I was talking about the evolution of music throughout the years the other day and was reminded of my favorite Neil Young song “Hey Hey, My My (Into the Black)” It is immeasurable how many people’s lives were touched and even changed by a single song, written by one man in the midst of his feeling irrelevant during a widespread crossover from rock to punk and grunge.
Inspired by synthpunk group Devo, the rise of punk and what Young viewed as his own growing irrelevance, the song today crosses generations, inspiring admirers from punk to grunge and significantly revitalizing Young’s then waning career. The song is about the alternatives of continuing to produce similar music or to burn out. However, upon its release, Rust Never Sleeps was hailed as a commercial and critical revitalization for Young, and the successful, bizarre tour (featuring over sized amps, road crews dressed as Jawas from the new Star Wars film (called Road-eyes), sound technicians in lab coats, audio recordings from Woodstock played from disintegrating tapes, etc.) earned him a new generation of fans and good will, buoyed mainly by “Hey Hey, My My”.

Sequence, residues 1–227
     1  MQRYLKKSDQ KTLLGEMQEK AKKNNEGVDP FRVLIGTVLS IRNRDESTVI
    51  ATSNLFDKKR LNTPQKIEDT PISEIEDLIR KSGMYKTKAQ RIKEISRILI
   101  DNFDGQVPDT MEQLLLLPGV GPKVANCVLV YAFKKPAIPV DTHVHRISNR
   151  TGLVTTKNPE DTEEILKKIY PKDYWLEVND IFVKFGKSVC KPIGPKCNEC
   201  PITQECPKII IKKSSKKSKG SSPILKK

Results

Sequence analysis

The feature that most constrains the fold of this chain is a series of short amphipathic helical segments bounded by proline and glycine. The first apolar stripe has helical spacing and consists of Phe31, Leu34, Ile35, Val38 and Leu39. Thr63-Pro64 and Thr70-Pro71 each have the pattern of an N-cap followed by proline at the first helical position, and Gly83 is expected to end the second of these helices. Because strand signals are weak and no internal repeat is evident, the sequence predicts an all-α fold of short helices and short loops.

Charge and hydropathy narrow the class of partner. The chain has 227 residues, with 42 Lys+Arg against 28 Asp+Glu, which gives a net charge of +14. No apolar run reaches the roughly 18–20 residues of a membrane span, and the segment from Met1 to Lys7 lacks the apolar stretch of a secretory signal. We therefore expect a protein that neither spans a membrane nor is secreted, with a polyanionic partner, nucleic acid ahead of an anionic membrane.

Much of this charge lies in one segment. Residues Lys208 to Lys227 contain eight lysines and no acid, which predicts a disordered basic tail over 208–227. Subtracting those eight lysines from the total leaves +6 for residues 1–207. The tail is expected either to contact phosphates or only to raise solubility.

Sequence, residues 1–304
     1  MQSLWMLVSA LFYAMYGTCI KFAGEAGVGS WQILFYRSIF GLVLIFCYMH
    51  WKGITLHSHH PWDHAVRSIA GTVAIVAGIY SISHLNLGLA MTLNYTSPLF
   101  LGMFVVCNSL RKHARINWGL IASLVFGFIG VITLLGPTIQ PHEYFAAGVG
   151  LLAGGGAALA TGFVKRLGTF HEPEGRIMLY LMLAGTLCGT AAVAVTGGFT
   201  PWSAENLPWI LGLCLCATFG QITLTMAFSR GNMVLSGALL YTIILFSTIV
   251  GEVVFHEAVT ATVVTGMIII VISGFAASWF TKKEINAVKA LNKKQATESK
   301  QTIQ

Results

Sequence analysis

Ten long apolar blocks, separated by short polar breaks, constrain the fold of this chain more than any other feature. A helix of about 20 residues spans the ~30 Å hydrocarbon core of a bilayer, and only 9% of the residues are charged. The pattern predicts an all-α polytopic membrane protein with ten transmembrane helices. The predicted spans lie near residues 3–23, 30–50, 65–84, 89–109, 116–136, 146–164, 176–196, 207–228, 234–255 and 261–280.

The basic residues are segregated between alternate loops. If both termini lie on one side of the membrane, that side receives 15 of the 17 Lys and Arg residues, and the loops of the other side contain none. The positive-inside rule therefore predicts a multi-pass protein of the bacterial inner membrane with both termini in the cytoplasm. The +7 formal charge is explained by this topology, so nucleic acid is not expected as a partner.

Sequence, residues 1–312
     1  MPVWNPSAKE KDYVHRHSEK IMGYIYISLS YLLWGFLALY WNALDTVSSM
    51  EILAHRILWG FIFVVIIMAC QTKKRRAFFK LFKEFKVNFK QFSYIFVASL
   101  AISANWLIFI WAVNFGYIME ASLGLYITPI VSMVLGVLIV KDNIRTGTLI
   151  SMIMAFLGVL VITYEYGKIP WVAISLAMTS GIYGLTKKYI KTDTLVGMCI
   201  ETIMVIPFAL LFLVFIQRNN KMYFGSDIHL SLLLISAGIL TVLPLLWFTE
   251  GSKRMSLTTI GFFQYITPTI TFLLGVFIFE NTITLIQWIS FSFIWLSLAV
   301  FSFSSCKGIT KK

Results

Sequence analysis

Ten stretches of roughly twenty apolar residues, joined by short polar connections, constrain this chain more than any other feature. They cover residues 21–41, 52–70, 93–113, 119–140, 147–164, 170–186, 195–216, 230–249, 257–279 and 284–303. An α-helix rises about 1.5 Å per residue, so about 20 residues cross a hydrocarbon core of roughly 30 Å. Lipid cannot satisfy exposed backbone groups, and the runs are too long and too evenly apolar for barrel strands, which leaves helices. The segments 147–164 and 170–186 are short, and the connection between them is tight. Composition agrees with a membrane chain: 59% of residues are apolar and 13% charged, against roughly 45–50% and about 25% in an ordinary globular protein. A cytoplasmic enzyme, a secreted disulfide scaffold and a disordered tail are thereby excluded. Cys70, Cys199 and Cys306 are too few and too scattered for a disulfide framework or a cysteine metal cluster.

A line from the song, “it’s better to burn out than to fade away,” became infamous after being quoted in Nirvana front man Kurt Cobain’s suicide note. Young later said that he was so shaken that he dedicated his 1994 album Sleeps with Angels to Cobain. Because of Cobain’s suicide, in live concerts he now emphasizes the line “once you’re gone you can’t come back”